August 9, 2018 1:27 pm

N.S. restorative justice workers need deal before funding considered: McNeil

Restorative Justice workers are on strike in Halifax, N.S. They say they have one goal: wage equity in their profession.

File/ Global News

Nova Scotia Premier Stephen McNeil says his government is willing to look at adjusting the grant that pays the salaries of six striking restorative justice case workers, but he says they need to go back to bargaining with their employer first.

WATCH: Group of Nova Scotia restorative justice caseworkers strike for better pay

The workers, who serve the Halifax area, are employed by the provincially funded Community Justice Society and have been on strike since July 30.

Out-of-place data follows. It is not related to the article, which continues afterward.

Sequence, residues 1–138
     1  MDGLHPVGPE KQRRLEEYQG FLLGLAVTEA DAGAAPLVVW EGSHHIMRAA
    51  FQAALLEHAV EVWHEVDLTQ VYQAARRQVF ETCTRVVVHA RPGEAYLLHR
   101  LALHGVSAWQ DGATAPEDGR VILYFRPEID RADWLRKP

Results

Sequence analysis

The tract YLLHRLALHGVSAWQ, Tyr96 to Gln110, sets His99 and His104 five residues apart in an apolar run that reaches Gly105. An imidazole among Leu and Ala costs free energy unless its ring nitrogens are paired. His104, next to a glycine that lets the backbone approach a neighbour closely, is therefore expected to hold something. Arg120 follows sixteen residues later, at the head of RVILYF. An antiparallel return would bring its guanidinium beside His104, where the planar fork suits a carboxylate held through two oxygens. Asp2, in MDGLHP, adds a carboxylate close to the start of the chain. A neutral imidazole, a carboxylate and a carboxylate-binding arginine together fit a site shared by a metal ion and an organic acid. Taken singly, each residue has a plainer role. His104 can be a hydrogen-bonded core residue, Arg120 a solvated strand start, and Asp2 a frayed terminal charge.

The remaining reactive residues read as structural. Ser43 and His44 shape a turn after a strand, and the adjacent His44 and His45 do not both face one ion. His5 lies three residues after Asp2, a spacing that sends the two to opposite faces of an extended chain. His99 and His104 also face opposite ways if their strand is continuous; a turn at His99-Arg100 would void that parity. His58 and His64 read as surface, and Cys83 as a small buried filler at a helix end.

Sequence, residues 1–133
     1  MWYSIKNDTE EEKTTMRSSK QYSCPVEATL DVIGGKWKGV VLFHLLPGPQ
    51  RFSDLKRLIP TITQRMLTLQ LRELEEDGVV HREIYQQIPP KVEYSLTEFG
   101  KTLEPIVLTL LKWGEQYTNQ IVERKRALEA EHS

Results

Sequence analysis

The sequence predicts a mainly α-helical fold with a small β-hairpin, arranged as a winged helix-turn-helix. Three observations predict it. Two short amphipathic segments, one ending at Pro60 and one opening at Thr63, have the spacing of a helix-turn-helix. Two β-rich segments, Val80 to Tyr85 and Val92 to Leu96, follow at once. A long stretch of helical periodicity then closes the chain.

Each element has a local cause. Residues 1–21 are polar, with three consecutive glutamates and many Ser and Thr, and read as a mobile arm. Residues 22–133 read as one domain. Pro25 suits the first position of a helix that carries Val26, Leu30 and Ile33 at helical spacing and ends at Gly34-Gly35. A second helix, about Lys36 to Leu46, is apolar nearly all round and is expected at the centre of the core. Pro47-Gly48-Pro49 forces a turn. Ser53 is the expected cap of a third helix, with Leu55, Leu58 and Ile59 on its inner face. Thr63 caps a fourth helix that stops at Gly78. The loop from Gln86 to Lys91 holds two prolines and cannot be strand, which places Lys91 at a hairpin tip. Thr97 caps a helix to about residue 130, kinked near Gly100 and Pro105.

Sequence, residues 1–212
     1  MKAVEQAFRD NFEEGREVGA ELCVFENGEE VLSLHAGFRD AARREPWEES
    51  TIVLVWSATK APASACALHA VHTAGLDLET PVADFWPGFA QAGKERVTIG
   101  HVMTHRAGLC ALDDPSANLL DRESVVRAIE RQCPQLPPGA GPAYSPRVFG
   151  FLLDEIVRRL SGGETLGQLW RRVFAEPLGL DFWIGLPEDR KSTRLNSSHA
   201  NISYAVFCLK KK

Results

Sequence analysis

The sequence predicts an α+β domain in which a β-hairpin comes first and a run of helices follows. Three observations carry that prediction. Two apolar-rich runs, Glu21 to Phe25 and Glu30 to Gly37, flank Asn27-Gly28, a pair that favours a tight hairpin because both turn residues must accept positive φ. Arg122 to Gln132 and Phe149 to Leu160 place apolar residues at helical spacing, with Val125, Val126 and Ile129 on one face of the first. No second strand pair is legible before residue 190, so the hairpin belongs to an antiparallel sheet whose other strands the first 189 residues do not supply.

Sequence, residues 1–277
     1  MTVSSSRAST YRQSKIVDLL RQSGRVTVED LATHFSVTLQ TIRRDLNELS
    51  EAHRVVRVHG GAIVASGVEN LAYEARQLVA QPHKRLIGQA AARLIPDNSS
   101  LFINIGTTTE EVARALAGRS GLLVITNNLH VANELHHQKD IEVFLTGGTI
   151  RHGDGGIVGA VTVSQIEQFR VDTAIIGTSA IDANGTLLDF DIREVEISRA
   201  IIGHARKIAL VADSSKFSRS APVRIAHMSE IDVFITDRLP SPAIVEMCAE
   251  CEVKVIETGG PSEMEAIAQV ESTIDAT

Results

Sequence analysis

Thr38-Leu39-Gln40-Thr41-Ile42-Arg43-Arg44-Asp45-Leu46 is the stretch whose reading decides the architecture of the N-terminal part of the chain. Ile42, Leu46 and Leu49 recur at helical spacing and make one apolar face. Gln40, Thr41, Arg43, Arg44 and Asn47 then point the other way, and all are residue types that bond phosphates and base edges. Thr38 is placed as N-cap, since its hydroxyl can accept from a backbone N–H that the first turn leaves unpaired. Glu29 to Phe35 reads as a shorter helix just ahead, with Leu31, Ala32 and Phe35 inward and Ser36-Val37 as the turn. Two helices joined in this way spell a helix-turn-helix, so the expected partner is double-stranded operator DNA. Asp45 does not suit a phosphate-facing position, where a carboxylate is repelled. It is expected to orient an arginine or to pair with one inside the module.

McNeil says he wants to see a contract both sides are happy with before consideration is given to more financial support, although he didn’t expand on how that could work given the current impasse.

READ MORE: Halifax restorative justice caseworkers serve 48-hour strike notice

The small band of case workers, the only unionized group in the system, are seeking pay in line with that paid to provincial probation officers.

Caseworker Shila LeBlanc says the provincial Justice Department has to get involved now because they alone control the funding structure.

LeBlanc says there has been no word of more negotiations with the society, although the striking workers hope they can get back to talks.

© 2018 The Canadian Press

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